retail news in context, analysis with attitude

by Kate McMahon

"Kate's Take" is brought to you by Wholesome Sweeteners, Making The World a Sweeter Place.

For companies grappling with skyrocketing health insurance premiums and overweight, at-risk employees, a new study has reaffirmed what any kid who collected a buck for every A already knows:

Money talks.

And cash is an even more effective motivator when employees participate in a weight loss challenge as part of a team or in a “group” program, according to a study released Monday in the Annals of Internal Medicine.

Current employee health incentive programs range from positive nutrition and cutting edge fitness efforts to a more controversial approach recently implemented by CVS. As reported here on MNB, the pharmacy chain is requiring its 200,000 employees to participate in a voluntary “wellness review,” paid for by CVS, measuring factors such as weight, blood pressure and body fat, or face an annual $600 penalty.

But the financial carrot-on-the-stick approach has more momentum, as the use of cash, gift-cards and other prizes to reward workers for adopting healthier lifestyles has risen 69% since 2009, according to a 2012 survey of 512 employers.

And will likely continue to do so as the Affordable Care Act allows employers to use an increased share of insurance premiums to offer workers inducements to improve overall health and lose weight. And starting in 2014, the health care reform act expands employers’ ability to reward workers who meet health status goals through wellness programs.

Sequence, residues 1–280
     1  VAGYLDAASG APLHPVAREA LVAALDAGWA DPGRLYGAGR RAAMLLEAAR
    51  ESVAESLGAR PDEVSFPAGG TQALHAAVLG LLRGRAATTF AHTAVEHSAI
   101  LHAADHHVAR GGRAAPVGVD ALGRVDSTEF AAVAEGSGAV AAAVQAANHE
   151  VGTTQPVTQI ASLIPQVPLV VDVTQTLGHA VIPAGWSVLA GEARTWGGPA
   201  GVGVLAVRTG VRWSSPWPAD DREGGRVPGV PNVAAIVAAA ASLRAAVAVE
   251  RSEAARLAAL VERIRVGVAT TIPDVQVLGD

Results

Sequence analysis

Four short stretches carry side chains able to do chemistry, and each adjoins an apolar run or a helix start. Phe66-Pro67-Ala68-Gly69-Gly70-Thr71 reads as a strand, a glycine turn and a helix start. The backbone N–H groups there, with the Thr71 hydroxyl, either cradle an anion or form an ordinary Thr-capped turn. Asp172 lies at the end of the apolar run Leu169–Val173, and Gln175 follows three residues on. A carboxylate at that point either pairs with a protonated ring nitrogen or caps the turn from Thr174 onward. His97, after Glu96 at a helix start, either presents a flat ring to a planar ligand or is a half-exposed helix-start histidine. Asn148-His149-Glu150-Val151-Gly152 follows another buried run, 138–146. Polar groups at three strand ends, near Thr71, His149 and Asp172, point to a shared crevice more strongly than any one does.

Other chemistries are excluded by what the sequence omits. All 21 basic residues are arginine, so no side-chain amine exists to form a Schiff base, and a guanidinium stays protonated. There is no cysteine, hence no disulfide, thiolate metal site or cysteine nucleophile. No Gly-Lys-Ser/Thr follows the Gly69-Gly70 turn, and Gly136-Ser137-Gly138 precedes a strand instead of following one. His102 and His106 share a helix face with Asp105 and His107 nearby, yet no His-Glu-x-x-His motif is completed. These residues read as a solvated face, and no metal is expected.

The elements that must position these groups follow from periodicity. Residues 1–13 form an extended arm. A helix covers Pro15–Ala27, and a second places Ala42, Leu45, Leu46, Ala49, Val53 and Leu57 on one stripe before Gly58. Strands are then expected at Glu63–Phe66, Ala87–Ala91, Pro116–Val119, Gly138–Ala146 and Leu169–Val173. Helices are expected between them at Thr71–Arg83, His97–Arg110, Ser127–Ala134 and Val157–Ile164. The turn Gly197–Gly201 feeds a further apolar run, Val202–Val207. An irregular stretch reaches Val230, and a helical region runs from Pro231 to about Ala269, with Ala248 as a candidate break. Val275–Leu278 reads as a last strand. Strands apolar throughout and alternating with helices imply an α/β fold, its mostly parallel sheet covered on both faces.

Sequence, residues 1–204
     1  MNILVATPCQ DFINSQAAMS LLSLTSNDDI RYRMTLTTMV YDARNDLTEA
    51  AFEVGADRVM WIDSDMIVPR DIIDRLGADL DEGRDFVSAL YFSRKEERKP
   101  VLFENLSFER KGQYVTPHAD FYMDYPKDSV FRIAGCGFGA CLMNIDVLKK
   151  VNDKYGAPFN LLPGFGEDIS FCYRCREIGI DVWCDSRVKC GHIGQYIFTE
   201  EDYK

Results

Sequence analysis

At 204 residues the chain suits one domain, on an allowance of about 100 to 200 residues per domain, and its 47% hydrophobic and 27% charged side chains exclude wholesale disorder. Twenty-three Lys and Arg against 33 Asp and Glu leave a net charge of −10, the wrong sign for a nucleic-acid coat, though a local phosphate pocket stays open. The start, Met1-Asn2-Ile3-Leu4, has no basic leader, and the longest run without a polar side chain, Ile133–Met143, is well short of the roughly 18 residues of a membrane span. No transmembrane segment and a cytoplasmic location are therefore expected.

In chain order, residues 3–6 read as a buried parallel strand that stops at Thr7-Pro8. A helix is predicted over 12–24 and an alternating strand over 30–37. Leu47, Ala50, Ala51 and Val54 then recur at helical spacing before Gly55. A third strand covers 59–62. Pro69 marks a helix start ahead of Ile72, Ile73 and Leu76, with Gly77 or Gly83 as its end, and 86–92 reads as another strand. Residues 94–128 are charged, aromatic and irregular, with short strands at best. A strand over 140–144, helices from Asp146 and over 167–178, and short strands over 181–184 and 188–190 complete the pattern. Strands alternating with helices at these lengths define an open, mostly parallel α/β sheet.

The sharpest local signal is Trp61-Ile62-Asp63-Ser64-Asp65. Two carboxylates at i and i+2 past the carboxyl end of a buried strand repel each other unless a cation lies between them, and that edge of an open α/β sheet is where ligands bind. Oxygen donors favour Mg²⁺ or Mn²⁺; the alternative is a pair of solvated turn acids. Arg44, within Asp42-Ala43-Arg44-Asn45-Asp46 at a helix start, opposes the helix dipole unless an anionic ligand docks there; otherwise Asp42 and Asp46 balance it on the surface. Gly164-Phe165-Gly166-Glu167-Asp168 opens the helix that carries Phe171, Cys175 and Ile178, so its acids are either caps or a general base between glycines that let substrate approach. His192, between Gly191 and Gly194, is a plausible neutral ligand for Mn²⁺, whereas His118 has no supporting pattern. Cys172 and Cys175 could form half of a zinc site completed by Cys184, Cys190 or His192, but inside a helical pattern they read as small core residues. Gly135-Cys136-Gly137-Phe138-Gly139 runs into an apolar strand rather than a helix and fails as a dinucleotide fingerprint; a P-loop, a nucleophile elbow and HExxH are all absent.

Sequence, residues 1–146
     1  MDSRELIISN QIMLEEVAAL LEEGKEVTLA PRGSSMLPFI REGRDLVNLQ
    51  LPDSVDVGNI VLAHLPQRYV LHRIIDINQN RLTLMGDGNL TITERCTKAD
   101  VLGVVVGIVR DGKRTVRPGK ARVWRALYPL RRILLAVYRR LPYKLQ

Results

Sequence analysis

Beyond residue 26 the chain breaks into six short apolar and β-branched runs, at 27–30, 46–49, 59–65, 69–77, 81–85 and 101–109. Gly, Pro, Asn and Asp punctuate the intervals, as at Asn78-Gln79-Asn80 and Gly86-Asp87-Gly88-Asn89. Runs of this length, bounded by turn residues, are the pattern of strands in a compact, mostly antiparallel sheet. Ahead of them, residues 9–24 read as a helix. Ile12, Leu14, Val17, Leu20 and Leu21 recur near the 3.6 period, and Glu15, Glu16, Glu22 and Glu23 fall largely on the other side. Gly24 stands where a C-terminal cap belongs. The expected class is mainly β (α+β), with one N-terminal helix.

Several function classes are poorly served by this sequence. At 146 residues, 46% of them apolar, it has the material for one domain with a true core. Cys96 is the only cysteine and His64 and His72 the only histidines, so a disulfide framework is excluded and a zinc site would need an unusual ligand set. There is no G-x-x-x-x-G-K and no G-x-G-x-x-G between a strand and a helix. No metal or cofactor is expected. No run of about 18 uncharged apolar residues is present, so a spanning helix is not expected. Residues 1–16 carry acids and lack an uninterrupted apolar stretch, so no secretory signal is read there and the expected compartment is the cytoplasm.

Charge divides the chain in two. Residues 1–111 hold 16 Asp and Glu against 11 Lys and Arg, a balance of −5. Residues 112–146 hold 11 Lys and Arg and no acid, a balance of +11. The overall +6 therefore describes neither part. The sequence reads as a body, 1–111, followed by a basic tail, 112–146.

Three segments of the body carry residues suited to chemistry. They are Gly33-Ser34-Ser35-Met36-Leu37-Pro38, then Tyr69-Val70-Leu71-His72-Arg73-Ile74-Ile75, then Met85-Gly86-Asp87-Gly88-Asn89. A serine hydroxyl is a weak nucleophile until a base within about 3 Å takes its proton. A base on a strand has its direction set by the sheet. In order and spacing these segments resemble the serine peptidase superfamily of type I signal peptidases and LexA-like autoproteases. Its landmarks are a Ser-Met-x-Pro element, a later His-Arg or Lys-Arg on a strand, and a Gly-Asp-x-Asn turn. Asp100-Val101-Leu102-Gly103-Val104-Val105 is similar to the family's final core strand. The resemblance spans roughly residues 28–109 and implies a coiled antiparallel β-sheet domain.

This newest study from the University of Michigan followed 105 obese employees at Children’s Hospital of Philadelphia for a five-month clinical trial. The individuals on “teams” who could share a $500 reward lost more weight than those who went it alone on the diet and could win $100. Equally importantly, the “team” members maintained more weight loss three months after the financial incentives ended.

Critics say that such “Biggest Loser”-type contests can create unhealthy crash dieting competitions, lead to “yo-yo” weight loss and gain cycles and fail to address other health issues such as high blood pressure and smoking. Not to mention cause tension and even sweet-tooth sabotage among co-workers.

I would counter such criticism by citing an innovative program -- the “Nu-Me Weight Loss Challenge” currently underway in Meijer’s eight divisions and 199 stores across its five-state Midwest footprint. Meijer has teamed up with the nutritional scoring program, NuVal, for a three-month weight loss contest with prize money totaling $15,000. It is Meijer’s fourth challenge, but first with NuVal, the scoring system which calculates and summarizes a grocery product’s nutritional information into a single number on a score of 1-100 (the higher, the better).

Meijer has 1,004 teams participating – ranging in size from one to 15 members – with all company employees encouraged to be involved and a focus on health. There are weekly weigh-ins and rewards, and excitement throughout Meijer, said Amanda Senecal, the retailer’s wellness program specialist, who oversees a full slate of health and fitness programs throughout the year. “It’s about maintaining a healthy lifestyle, losing weight, and having fun,” she said, noting the partnership with NuVal is an added benefit.

While I think the term “holistic” is over-used, it best describes the approach employers should use to maintain and promote employee wellness. Such programs are no longer perks but should be part of any company’s strategic business plan to manage costs. The employer and employee need to be on the same side, which will in turn save money, improve productivity and morale, and improve quality of life through health. A team effort, and a win-win for all.

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